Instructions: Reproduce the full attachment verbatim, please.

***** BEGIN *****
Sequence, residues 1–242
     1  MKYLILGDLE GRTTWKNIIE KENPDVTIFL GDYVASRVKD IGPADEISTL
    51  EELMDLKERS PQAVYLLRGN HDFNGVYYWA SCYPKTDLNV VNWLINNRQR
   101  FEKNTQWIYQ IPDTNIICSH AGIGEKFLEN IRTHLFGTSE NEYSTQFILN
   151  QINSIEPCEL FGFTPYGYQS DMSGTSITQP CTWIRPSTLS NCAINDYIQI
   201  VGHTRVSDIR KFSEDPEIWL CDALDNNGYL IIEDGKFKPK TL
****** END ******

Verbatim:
Sequence, residues 1–242
     1  MKYLILGDLE GRTTWKNIIE KENPDVTIFL GDYVASRVKD IGPADEISTL
    51  EELMDLKERS PQAVYLLRGN HDFNGVYYWA SCYPKTDLNV VNWLINNRQR
   101  FEKNTQWIYQ IPDTNIICSH AGIGEKFLEN IRTHLFGTSE NEYSTQFILN
   151  QINSIEPCEL FGFTPYGYQS DMSGTSITQP CTWIRPSTLS NCAINDYIQI
   201  VGHTRVSDIR KFSEDPEIWL CDALDNNGYL IIEDGKFKPK TL